Modern birds descended from a group of two-legged dinosaurs known as theropods, whose members include the towering Tyrannosaurus rex and the smaller velociraptors.

 

“A bird didn’t just evolve from a T. rex overnight, but rather the classic features of birds evolved one by one; first bipedal locomotion, then feathers, then a wishbone, then more complex feathers that look like quill-pen feathers, then wings,” Brusatte said. “The end result is a relatively seamless transition between dinosaurs and birds, so much so that you can’t just draw an easy line between these two groups.”

 

Yet once those avian features were in place, birds took off. Brusatte’s study of coelurosaurs found that once archaeopteryx and other ancient birds emerged, they began evolving much more rapidly than other dinosaurs. The hopeful monster theory had it almost exactly backwards: A burst of evolution didn’t produce birds. Rather, birds produced a burst of evolution. “It seems like birds had happened upon a very successful new body plan and new type of ecology—flying at small size—and this led to an evolutionary explosion,” Brusatte said.

 

Though most people might name feathers or wings as a key characteristic distinguishing birds from dinosaurs, the group’s small stature is also extremely important. New research suggests that bird ancestors shrank fast, indicating that the diminutive size was an important and advantageous trait, quite possibly an essential component in bird evolution.

 

Like other bird features, diminishing body size likely began long before the birds themselves evolved. A study published in Science last year found that theminiaturization process began much earlier than scientists had expected. Some coelurosaurs started shrinking as far back as 200 million years ago—50 million years before archaeopteryx emerged. At that time, most other dinosaur lineages were growing larger. “Miniaturization is unusual, especially among dinosaurs,” Benton said.

 

That shrinkage sped up once bird ancestors grew wings and began experimenting with gliding flight. Last year, Benton’s team showed that this dinosaur lineage, known as paraves, was shrinking 160 times faster than other dinosaur lineages were growing. “Other dinosaurs were getting bigger and uglier while this line was quietly getting smaller and smaller,” Benton said. “We believe that marked an event of intense selection going on at that point.”

 


Via Dr. Stefan Gruenwald, Pablo Vicente Munuera
Samuel Viana's insight:

Parece incrível mas é verdade... os dinossauros do grupo dos terópodes começaram a encolher há quase 200 milhões de anos. Uma vez que alcançaram uma estatura diminuída a determinado nível, isso deu-lhes vantagem para começar a explorar o voo. Pode-se dizer que ocorreu uma "explosão evolutiva".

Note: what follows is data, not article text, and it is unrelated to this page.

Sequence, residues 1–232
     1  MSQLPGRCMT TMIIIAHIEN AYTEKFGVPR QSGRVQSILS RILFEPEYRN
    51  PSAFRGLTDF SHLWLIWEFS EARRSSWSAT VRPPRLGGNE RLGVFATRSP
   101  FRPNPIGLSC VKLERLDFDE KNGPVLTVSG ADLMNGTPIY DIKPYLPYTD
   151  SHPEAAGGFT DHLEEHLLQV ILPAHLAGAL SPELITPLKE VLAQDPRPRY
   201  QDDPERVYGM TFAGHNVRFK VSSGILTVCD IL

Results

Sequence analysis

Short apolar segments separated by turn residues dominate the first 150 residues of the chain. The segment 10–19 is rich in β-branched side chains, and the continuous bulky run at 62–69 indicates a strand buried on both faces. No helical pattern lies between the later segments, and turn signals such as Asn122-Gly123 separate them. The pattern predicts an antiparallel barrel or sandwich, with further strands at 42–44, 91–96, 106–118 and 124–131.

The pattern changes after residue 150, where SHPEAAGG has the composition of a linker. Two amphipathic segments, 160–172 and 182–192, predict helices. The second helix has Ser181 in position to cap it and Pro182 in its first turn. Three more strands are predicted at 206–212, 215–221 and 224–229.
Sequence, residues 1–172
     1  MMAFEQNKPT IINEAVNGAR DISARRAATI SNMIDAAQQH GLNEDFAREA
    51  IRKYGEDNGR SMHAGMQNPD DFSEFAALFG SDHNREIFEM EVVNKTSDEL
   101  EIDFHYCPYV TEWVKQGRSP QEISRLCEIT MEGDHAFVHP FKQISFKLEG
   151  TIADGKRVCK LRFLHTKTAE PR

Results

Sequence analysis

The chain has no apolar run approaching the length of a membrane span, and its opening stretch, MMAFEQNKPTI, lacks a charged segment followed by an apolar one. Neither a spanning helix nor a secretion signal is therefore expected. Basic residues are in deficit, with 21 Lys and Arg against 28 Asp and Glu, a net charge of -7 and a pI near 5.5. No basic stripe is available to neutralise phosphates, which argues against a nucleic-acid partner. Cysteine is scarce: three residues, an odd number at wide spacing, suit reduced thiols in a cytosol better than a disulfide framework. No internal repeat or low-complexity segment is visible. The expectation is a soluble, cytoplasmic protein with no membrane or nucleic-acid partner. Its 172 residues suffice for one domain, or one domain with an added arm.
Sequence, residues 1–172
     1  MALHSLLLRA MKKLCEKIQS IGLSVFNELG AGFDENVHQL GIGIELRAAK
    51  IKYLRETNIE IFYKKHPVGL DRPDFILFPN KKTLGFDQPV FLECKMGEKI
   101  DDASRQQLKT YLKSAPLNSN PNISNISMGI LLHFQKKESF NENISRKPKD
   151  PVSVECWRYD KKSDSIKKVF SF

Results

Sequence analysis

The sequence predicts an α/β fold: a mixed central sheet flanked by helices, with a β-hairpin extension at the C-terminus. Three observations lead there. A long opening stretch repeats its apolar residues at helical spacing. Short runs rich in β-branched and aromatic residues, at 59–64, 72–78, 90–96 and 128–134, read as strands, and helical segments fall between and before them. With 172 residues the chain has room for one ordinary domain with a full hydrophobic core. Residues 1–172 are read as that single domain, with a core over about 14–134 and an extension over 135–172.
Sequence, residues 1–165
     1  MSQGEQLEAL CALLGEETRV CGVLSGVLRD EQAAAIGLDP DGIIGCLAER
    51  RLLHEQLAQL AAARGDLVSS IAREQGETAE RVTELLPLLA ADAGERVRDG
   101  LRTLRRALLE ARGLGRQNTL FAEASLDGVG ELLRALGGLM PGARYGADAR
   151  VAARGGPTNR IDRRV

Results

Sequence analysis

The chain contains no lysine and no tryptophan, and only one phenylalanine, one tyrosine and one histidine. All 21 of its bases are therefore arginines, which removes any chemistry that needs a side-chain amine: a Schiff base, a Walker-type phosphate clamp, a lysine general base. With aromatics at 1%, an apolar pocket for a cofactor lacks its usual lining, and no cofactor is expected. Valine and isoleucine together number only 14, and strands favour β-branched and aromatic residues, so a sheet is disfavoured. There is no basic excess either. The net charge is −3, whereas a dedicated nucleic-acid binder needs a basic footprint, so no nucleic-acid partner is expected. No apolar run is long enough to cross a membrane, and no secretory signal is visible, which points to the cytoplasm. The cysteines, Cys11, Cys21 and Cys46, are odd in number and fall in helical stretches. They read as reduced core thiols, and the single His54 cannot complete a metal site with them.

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Evolution Is Unpredictable and Irreversible, Penn Biologists Show

Evolution Is Unpredictable and Irreversible, Penn Biologists Show | Milhares de milhões de anos... a mesma Terra ! | Scoop.it

Evolutionary theorist Stephen Jay Gould is famous for describing the evolution of humans and other conscious beings as a chance accident of history. If we could go back millions of years and “run the tape of life again,” he mused, evolution would follow a different path. 


Via Integrated DNA Technologies
Samuel Viana's insight:

Se voltássemos atrrás alguns milhões de anos e puséssemos outra vez a evolução a funcionar, ir-se-iam repetir os mesmos passos evolutivos que teriam levado ao aparecimento da nossa espécie !?

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Tamanho de pombo e asas de morcego: um dinossauro - Diário de Notícias - Lisboa

Tamanho de pombo e asas de morcego: um dinossauro - Diário de Notícias - Lisboa | Milhares de milhões de anos... a mesma Terra ! | Scoop.it
O pequeno dinossauro, que era do tamanho de um pombo, tinha umas asas semelhantes às dos atuais morcegos.
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Basilosaurus - um mamífero antepassado dos modernos cetáceos, tinha uma potência de mordida impressionante

@PLoS ONE | Bone-Breaking Bite Force of Basilosaurus isis (Mammalia, Cetacea) from the Late Eocene of Egypt Estimated by Finite Element Analysis...
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World's Oldest Prehistoric Snake Discovered

World's Oldest Prehistoric Snake Discovered | Milhares de milhões de anos... a mesma Terra ! | Scoop.it
The findings could help change the way researchers look at how or when modern snakes developed.
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Novos fósseis primatas sugerem antepassado asiático dos humanos

Novos fósseis primatas sugerem antepassado asiático dos humanos | Milhares de milhões de anos... a mesma Terra ! | Scoop.it
Novos fósseis primatas sugerem antepassado asiático dos humanos http://t.co/eKQ7P4h7bs #OLD
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Pela primeira vez... encontrados répteis preservados em âmbar !

Pela primeira vez... encontrados répteis preservados em âmbar ! | Milhares de milhões de anos... a mesma Terra ! | Scoop.it
Até agora... apenas se conheciam insectos preservados em âmbar. Pela primeira vez foram encontrados pequenos répteis.
Samuel Viana's insight:
Répteis em ambar é algo de único que nunca tinha sequer tido conhecido de que seria possível... ! Quanto muito insectos, agora répteis... bem também acho que não vamos ter ainda um T. rex preservado em âmbar, ehehe !
O âmbar como é o resultado da cristalização da resina de plantas, apenas capturas criaturas pequenas que viviam nessas mesmas plantas.
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“Hammerhead” creature was world’s first plant-eating marine reptile

“Hammerhead” creature was world’s first plant-eating marine reptile | Milhares de milhões de anos... a mesma Terra ! | Scoop.it